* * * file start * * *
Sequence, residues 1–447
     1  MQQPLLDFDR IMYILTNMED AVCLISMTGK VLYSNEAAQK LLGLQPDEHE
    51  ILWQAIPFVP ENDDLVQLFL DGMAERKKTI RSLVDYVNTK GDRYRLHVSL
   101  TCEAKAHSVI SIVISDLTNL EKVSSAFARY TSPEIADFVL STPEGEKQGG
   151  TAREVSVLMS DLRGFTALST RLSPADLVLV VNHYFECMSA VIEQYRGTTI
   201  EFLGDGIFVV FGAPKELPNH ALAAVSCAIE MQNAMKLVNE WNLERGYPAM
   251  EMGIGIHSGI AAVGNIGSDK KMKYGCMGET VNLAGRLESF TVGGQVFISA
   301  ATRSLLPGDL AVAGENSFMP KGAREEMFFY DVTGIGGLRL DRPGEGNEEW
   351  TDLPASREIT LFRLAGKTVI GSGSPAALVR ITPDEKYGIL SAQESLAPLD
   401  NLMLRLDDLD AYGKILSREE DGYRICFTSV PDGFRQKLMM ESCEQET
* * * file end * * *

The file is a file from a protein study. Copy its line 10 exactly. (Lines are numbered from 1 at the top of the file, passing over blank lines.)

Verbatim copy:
   401  NLMLRLDDLD AYGKILSREE DGYRICFTSV PDGFRQKLMM ESCEQET